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    Government Technology Services Inc.
    list rank

    From the April 28, 1997 Washington Post

    '96 (in $ 000s) % Change From '95
    Revenue 491,642 (6.7)
    Net Income (17,838) --
    Rank Last Year: 33

    Government Technology Services is the largest provider of off-the-shelf computer products to the federal government. The company sells to almost all government departments and agencies and offers purchasers access to more than 75,000 products from 800 manufacturers. GTSI also performs some computer systems services, such as installing and configuring computers and setting up local area networks.

    Business Resume:
    • Contact Info --
      4100 Lafayette Center Dr.
      Chantilly, Va. 20151
    • Main Business --
      Computer reseller
    • Founded --
    • Chairperson --
      Lawrence J. Schoenberg
    • President --
      M. Dendy Young (CEO)
    • Employees --
    • D.C.-Area Employees --
    The financial turnaround that GTSI hoped for in 1996 largely did not come to pass, but the company predicts that its sales and operating margins will improve this year.

    Changes in federal procurement rules, which have made it easier for government purchasers to buy computers directly from manufacturers and from GTSI's competitors, have hurt revenue and led to losses. To survive in this new marketplace, the company spent the year trying to remake itself into a more customer-friendly operation. It revamped its internal order-processing systems and promised customers $50 if their phone calls aren't picked up in 12 seconds. However, analysts say such efforts have yet to pay off for the company.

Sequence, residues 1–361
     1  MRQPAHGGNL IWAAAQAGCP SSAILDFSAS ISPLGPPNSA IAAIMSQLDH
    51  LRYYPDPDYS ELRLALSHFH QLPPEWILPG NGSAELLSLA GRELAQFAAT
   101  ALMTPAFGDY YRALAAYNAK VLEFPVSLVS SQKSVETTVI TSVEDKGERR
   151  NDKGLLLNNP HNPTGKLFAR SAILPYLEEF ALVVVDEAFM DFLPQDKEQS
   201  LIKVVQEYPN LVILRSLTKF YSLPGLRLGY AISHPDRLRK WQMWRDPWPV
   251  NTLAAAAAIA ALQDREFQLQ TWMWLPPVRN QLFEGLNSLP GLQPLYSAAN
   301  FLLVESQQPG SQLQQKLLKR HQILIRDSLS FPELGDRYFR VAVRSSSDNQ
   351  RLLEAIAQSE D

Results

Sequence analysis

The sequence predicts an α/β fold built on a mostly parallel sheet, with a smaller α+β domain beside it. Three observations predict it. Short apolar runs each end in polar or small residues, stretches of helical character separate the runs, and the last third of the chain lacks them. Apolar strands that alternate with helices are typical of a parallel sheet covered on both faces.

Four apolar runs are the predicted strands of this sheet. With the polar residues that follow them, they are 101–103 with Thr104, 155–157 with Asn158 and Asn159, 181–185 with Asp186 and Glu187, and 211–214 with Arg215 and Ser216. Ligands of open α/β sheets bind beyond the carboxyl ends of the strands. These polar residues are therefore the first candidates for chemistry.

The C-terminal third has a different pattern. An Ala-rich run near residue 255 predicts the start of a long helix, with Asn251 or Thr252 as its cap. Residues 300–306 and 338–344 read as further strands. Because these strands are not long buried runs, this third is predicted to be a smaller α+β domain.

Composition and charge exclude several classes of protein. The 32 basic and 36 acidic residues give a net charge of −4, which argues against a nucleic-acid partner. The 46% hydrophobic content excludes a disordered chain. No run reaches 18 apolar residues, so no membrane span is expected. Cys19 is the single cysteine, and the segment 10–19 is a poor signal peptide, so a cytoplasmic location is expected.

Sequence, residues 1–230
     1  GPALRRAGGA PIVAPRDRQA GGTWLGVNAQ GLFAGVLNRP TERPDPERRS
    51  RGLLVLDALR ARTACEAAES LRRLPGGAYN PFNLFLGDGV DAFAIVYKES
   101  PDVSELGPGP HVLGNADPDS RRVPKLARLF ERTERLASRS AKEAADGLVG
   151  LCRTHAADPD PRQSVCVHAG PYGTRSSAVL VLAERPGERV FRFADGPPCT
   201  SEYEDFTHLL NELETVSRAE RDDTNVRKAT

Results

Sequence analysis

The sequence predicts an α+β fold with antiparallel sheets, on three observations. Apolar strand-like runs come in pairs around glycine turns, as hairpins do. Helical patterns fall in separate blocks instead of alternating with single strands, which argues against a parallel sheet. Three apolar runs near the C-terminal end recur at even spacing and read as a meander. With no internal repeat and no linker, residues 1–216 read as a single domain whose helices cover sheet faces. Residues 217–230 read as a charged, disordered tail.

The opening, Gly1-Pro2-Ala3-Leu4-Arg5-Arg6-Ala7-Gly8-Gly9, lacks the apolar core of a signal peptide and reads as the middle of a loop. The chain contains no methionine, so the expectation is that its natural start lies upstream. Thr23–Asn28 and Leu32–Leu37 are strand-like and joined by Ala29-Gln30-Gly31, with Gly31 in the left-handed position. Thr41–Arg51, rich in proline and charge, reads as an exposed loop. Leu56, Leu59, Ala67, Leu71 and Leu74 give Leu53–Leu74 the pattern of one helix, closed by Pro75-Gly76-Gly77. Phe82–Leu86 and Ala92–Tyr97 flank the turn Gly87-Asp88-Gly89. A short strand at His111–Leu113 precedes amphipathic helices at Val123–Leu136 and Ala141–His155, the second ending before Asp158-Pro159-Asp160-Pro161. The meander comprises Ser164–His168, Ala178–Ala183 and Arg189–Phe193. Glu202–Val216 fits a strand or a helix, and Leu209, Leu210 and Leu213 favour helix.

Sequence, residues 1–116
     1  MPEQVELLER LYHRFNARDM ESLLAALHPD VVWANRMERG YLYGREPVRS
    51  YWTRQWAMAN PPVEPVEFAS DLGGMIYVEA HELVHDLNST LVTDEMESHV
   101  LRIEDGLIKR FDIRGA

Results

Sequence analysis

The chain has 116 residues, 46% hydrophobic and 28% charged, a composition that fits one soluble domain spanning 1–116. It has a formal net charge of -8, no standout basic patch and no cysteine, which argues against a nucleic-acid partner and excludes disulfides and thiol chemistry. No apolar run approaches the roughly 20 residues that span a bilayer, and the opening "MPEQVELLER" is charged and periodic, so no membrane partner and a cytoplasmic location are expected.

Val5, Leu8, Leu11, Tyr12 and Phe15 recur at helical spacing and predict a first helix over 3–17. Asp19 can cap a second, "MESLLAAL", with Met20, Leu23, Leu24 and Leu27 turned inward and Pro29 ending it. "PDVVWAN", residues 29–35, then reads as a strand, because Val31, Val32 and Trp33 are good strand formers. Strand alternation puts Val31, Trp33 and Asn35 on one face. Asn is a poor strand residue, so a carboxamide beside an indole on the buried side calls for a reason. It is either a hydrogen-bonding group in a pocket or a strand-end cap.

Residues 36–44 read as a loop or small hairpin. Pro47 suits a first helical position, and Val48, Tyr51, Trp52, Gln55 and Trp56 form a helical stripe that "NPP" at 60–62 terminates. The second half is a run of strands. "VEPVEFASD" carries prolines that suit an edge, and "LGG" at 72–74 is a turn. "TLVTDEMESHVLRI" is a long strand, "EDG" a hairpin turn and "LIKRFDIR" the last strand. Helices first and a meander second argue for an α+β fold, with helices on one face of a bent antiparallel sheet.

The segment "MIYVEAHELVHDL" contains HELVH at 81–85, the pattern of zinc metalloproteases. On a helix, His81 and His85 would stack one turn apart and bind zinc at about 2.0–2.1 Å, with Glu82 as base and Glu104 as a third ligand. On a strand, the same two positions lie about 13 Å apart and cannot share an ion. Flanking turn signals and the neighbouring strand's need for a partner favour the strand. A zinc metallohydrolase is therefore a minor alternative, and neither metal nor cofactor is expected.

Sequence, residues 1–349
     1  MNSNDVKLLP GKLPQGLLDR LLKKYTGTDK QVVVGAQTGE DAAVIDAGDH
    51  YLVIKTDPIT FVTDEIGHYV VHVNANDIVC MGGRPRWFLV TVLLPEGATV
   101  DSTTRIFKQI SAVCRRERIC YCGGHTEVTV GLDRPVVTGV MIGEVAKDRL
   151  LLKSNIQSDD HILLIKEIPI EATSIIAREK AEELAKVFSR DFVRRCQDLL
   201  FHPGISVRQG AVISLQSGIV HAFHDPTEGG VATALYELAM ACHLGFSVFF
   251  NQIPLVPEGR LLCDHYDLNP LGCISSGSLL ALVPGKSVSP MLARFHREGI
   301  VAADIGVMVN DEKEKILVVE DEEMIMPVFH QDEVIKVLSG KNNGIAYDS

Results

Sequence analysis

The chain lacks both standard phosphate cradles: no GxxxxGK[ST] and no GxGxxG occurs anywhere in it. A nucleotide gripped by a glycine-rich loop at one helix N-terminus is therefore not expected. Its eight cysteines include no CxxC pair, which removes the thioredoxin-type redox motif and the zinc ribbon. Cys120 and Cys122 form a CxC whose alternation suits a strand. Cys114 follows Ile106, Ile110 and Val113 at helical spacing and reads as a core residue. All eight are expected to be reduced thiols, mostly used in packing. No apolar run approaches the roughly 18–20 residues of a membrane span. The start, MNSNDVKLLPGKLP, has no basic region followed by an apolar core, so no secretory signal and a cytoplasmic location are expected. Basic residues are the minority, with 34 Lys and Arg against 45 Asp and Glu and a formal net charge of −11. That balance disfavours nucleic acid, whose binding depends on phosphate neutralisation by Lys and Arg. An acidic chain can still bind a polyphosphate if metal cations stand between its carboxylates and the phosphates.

Chief Executive M. Dendy Young, who joined the company in late 1995, has said turning GTSI will take well into this year. Earlier this year the company's chief financial officer, Peter E. Janke, whom Young had brought on board, said he was leaving "to pursue other interests."

    In December the company and Sysorex Inc. of Fairfax jointly won a contract valued at $236.7 million to provide portable computers to the Army. The companies' shares of the contract were not disclosed.

    Copyright 1997 The Washington Post

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